28. ^ Li B, He H, Tao BB, Zhao ZY, Hu GH, Luo C, Chen JX, Ding XH, Sheng P, Dong Y, Zhang L, Lu YC (Sep 2012). "Knockdown of CDK6 enhances glioma sensitivity to chemotherapy". Oncology Reports 28 (3): 909–14.  
  29. ^ Giessrigl B, Schmidt WM, Kalipciyan M, Jeitler M, Bilban M, Gollinger M, Krieger S, Jäger W, Mader RM, Krupitza G (Nov 2013). "Fulvestrant induces resistance by modulating GPER and CDK6 expression: implication of methyltransferases, deacetylases and the hSWI/SNF chromatin remodelling complex". British Journal of Cancer 109 (10): 2751–62.  
  30. ^ Negrini S, Gorgoulis VG, Halazonetis TD (Mar 2010). "Genomic instability--an evolving hallmark of cancer". Nature Reviews. Molecular Cell Biology 11 (3): 220–28.  
  31. ^ a b c d e f Silber J, Hashizume R, Felix T, Hariono S, Yu M, Berger MS, Huse JT, VandenBerg SR, James CD, Hodgson JG, Gupta N (Jan 2013). "Expression of miR-124 inhibits growth of medulloblastoma cells". Neuro-Oncology 15 (1): 83–90.  
  32. ^ a b c Landis MW, Pawlyk BS, Li T, Sicinski P, Hinds PW (Jan 2006). "Cyclin D1-dependent kinase activity in murine development and mammary tumorigenesis". Cancer Cell 9 (1): 13–22.  
  33. ^ a b Pitts TM, Davis SL, Eckhardt SG, Bradshaw-Pierce EL (May 2014). "Targeting nuclear kinases in cancer: development of cell cycle kinase inhibitors". Pharmacology & Therapeutics 142 (2): 258–69.  
  34. ^ Finn RS, Dering J, Conklin D, Kalous O, Cohen DJ, Desai AJ, Ginther C, Atefi M, Chen I, Fowst C, Los G, Slamon DJ (2009). "PD 0332991, a selective cyclin D kinase 4/6 inhibitor, preferentially inhibits proliferation of luminal estrogen receptor-positive human breast cancer cell lines in vitro". Breast Cancer Research 11 (5): R77.  
  35. ^ Ewing RM, Chu P, Elisma F, Li H, Taylor P, Climie S, McBroom-Cerajewski L, Robinson MD, O'Connor L, Li M, Taylor R, Dharsee M, Ho Y, Heilbut A, Moore L, Zhang S, Ornatsky O, Bukhman YV, Ethier M, Sheng Y, Vasilescu J, Abu-Farha M, Lambert JP, Duewel HS, Stewart II, Kuehl B, Hogue K, Colwill K, Gladwish K, Muskat B, Kinach R, Adams SL, Moran MF, Morin GB, Topaloglou T, Figeys D. "Large-scale mapping of human protein-protein interactions by mass spectrometry". Molecular Systems Biology 3: 89.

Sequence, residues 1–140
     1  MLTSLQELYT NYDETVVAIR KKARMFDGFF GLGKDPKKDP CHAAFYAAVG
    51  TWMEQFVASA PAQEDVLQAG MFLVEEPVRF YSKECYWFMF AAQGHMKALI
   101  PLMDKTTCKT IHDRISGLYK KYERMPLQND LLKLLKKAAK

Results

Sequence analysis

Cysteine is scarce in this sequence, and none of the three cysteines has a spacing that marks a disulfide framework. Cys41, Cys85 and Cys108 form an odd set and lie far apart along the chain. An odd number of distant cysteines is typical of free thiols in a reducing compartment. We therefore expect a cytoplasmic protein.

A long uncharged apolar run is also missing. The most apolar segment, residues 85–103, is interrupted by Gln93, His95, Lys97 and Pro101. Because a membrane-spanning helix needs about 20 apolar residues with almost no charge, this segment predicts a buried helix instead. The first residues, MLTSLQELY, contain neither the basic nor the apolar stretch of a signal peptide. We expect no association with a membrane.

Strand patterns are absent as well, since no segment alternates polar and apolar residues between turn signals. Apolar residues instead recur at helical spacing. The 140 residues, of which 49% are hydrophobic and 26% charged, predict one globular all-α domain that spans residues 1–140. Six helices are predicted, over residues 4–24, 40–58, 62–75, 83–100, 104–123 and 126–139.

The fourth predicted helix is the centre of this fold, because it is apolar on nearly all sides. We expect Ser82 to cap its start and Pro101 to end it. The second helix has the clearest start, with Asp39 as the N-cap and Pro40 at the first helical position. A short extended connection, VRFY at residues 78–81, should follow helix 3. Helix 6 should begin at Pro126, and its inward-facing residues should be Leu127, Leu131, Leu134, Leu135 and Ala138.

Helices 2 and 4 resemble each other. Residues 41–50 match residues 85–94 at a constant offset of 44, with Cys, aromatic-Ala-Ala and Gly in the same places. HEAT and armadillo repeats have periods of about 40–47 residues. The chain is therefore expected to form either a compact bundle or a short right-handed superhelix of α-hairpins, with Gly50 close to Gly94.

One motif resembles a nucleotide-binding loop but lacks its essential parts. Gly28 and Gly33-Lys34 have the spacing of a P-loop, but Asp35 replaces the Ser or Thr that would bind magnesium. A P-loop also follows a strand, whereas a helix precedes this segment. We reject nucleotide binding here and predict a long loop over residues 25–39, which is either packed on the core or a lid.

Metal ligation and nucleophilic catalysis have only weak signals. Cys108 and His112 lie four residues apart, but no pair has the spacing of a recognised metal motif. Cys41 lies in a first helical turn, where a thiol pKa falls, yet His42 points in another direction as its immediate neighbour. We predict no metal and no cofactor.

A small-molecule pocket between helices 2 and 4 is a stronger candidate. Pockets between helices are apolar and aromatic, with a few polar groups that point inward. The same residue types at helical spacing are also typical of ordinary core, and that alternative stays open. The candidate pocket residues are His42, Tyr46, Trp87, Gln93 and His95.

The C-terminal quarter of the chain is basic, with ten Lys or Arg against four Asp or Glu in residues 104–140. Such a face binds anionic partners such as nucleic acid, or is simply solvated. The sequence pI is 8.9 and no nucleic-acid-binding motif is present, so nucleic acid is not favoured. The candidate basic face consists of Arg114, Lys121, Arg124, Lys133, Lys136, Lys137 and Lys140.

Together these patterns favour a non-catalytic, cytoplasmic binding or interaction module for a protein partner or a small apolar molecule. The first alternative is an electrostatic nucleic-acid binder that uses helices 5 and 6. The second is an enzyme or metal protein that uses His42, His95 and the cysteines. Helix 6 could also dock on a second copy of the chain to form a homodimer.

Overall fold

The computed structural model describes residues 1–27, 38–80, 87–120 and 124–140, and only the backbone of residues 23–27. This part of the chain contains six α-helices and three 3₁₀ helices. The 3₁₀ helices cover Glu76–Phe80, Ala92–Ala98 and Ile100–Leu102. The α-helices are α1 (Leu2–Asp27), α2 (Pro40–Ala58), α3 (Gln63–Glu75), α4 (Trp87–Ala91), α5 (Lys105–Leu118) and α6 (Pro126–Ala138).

36. ^ Guan KL, Jenkins CW, Li Y, Nichols MA, Wu X, O'Keefe CL, Matera AG, Xiong Y (Dec 1994). "Growth suppression by p18, a p16INK4/MTS1- and p14INK4B/MTS2-related CDK6 inhibitor, correlates with wild-type pRb function". Genes & Development 8 (24): 2939–52.  
  37. ^ Jeffrey PD, Tong L, Pavletich NP (Dec 2000). "Structural basis of inhibition of CDK-cyclin complexes by INK4 inhibitors". Genes & Development 14 (24): 3115–25.  
  38. ^ a b Lin J, Jinno S, Okayama H (Apr 2001). "Cdk6-cyclin D3 complex evades inhibition by inhibitor proteins and uniquely controls cell's proliferation competence". Oncogene 20 (16): 2000–9.  
  39. ^ Sugimoto M, Nakamura T, Ohtani N, Hampson L, Hampson IN, Shimamoto A, Furuichi Y, Okumura K, Niwa S, Taya Y, Hara E (Nov 1999). "Regulation of CDK4 activity by a novel CDK4-binding protein, p34(SEI-1)". Genes & Development 13 (22): 3027–33.  
  40. ^ Meyerson M, Harlow E (Mar 1994). "Identification of G1 kinase activity for cdk6, a novel cyclin D partner". Molecular and Cellular Biology 14 (3): 2077–86.  
  41. ^ Fåhraeus R, Paramio JM, Ball KL, Laín S, Lane DP (Jan 1996). "Inhibition of pRb phosphorylation and cell-cycle progression by a 20-residue peptide derived from p16CDKN2/INK4A". Current Biology 6 (1): 84–91.  
  42. ^ Russo AA, Tong L, Lee JO, Jeffrey PD, Pavletich NP (Sep 1998). "Structural basis for inhibition of the cyclin-dependent kinase Cdk6 by the tumour suppressor p16INK4a". Nature 395 (6699): 237–43.